During the bull market that had begun in 2003, dozens of funds closed, refusing to accept new shareholders. Fund managers took the step to avoid being overwhelmed by cash inflows. These days, the flood of money has dried up, and funds that had been closed are now reopening. So far this year, 72 funds have reopened, almost double the figure for 2007, according to Morningstar.
The flurry of openings could be a positive omen. Time and again, upticks in fund openings have signaled market bottoms, and fund closings have occurred near market peaks. But many investors ignore the indicators, buying and selling at the wrong times. Today, shareholders are withdrawing record amounts of cash from funds. Instead, long-term investors should consider buying shares of newly reopened funds.
Funds often close after periods of hot performance. With investors racing to buy shares, fund managers worry that their portfolios will become bloated. If that happens, funds can no longer trade nimbly, and performance records can lag.
When companies announce closings in advance, many investors scramble to buy before the deadline. But most often, shareholders have been disappointed with their last-minute purchases. According to a study by Morningstar, funds tend to slip after they close to new investors. The researchers looked at returns for three years before and after closings.
On average, the funds that closed had outdone more than 80% of their competitors during the previous three years. But after shutting the doors, the once-hot funds slipped into the middle ranks. This could occur because investors tend to jump aboard funds that are peaking and about to enter periods of being out of favor.
While closed funds can stagnate, newly reopened funds often surge. Consider the experience of T. Rowe Price, which has a long record of reopening funds at market bottoms. The company reopened
T. Rowe Price New Horizons
, a small-cap growth fund, in 1974. During that year, small stocks lost 20%, according to Ibbotson Associates. Then in 1975, small stocks returned 52.8% and began one of their greatest rallies ever, producing double-digit returns for nine years in a row.
After losing 15% during the 12 months ending in March 2003,
T. Rowe Price International Discovery
reopened. During the next year, the fund returned 80.6% and went on to record four years of double-digit results.
Make no mistake, funds do not always skyrocket after a reopening. But the current round of openings presents some unusual opportunities. Many of the reopened funds had been closed for years. Now investors have a chance to grab funds with stellar long-term records.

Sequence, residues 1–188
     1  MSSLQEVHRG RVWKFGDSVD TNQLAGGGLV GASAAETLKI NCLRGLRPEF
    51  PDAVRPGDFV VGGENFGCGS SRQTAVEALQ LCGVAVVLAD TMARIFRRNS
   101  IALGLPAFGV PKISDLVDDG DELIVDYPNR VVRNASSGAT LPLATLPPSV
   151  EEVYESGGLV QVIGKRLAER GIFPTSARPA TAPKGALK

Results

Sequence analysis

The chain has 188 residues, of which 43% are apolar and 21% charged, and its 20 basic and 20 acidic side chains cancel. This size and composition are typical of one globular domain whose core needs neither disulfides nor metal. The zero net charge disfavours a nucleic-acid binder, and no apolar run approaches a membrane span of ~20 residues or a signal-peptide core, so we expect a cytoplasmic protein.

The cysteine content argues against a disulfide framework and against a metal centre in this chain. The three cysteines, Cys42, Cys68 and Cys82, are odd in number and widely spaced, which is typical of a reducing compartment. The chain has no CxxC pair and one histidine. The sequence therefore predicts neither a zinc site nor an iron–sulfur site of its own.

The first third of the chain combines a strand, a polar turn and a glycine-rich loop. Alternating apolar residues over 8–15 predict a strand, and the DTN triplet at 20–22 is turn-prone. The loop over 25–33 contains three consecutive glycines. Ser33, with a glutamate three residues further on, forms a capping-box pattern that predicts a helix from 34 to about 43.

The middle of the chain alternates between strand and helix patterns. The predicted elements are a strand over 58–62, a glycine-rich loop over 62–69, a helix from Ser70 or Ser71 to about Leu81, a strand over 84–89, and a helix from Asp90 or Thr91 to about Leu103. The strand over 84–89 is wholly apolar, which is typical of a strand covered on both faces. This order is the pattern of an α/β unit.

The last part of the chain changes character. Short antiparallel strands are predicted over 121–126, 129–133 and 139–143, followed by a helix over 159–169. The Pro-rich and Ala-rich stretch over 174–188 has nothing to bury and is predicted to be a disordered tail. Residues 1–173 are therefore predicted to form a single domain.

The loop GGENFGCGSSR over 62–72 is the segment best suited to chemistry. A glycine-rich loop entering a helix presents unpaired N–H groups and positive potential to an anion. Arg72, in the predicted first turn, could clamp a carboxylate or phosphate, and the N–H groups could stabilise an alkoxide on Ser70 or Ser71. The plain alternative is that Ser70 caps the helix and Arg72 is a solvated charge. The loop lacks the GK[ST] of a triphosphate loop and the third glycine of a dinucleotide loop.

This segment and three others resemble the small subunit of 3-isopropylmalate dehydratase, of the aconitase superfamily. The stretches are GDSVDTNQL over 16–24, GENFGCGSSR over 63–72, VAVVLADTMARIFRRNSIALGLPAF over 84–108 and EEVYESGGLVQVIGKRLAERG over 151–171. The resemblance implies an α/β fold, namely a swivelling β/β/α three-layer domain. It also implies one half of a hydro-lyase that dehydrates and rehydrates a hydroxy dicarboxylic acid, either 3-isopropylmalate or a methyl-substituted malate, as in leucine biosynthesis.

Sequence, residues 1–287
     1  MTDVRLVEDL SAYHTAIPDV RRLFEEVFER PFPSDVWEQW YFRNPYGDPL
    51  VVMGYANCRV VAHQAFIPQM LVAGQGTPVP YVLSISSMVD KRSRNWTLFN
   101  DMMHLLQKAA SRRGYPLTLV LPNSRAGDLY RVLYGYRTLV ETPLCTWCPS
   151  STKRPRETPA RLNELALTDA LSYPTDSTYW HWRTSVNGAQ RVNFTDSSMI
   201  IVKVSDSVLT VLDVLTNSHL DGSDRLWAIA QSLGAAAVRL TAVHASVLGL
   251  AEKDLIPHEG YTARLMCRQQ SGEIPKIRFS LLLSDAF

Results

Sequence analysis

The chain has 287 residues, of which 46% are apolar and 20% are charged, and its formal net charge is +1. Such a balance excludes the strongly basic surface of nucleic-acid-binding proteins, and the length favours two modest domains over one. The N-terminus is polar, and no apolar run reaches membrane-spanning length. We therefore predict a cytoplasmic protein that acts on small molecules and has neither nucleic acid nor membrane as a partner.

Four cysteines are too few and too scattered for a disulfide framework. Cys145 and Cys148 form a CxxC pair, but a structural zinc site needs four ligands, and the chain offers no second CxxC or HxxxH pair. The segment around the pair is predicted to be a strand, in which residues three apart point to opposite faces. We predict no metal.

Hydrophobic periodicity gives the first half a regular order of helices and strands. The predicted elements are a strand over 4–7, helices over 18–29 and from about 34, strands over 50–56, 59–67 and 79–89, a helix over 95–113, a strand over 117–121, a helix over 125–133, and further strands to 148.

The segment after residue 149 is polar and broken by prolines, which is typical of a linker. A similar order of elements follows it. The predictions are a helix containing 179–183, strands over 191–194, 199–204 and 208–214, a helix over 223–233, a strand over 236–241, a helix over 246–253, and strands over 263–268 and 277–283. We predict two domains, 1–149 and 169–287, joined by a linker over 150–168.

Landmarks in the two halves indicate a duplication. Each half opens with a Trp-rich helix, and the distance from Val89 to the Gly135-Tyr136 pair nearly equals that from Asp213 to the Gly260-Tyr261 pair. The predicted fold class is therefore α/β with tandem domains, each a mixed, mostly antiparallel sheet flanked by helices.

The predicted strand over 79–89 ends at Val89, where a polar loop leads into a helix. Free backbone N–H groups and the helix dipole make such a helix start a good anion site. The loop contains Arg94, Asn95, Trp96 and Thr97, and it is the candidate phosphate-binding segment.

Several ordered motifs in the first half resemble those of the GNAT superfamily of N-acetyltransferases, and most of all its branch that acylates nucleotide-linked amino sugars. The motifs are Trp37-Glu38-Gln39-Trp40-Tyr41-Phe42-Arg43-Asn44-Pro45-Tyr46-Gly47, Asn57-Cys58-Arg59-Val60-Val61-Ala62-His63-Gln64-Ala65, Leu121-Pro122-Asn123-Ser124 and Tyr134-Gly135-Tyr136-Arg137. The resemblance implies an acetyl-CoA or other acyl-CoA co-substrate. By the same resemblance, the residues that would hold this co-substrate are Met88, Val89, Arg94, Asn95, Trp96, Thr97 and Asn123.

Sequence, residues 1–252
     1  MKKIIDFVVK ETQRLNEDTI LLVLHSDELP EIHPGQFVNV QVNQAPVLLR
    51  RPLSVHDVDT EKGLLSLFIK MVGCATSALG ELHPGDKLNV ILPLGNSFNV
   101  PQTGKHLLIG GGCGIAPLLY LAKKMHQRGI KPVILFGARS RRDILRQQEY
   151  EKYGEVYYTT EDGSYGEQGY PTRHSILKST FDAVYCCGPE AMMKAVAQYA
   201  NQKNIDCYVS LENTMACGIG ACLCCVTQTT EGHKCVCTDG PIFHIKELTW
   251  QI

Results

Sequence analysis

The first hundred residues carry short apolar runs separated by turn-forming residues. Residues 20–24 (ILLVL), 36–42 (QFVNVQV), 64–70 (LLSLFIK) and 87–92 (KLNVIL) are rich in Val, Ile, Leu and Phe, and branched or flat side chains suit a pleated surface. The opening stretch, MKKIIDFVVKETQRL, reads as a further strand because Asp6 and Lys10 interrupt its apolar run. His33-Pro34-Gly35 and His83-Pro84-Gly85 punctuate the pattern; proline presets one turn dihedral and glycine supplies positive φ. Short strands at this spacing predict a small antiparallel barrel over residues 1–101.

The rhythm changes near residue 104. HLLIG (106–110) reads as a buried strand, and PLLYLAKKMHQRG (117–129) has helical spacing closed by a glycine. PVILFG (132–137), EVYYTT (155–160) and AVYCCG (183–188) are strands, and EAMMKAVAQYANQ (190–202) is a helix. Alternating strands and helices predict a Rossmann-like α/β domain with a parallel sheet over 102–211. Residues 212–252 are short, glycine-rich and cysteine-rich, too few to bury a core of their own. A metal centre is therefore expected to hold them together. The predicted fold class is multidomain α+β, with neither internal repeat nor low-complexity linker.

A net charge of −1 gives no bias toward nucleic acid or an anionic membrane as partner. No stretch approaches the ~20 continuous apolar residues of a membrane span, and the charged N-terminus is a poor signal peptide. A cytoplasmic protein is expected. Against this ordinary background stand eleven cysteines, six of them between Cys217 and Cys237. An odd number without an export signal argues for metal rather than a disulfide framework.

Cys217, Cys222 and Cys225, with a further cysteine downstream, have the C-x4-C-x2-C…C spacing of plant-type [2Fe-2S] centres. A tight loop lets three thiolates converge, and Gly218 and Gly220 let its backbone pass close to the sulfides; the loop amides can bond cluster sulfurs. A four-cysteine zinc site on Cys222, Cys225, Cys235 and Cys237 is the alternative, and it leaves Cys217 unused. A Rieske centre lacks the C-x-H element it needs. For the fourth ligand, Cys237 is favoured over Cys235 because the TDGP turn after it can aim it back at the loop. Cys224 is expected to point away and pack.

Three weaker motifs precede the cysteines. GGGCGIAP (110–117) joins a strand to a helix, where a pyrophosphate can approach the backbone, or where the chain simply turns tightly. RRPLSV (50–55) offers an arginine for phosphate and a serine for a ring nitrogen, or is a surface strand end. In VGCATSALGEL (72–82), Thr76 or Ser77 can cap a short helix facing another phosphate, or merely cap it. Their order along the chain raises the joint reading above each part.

At the top of the list is
, which had been closed for 25 years. During the 15 years ending in October, the fund returned 10.5% annually, outdoing 98% of its large-blend competitors and topping the
by 3.5 percentage points. Another strong choice is
Dodge & Cox Stock
, which returned 9.6% during the past 15 years, besting 99% of large-value rivals.
Other long-term winners that recently reopened include
Matthews Asian Growth & Income
William Blair International Growth
Small-cap funds present some of the most noteworthy choices. Because small stocks can be difficult to trade, some top fund managers close their portfolios when assets get much above $300 million. As a result, many of the best small-cap funds are closed for long periods.
If you have been holding mediocre small-cap performers, now is a chance to swap them for some of the best in the business. A compelling selection is
Wasatch Small Cap Value
, which returned 10.2% during the past decade, outdoing 92% of its small-blend competitors and topping the Russell 2000 small-cap index by 5.3 percentage points.
Investors seeking a micro-cap specialist should try
, which returned 9.8% during the past 10 years. For foreign small stocks, consider
Oakmark International Small Cap
, which returned 11.1%, outdoing 98% of foreign small mid-value competitors. By buying such star performers at a bleak time, investors stand a good chance of achieving solid returns.
Stan Luxenberg is a freelance writer who specializes in mutual funds and investing. He was formerly executive editor of Individual Investor magazine.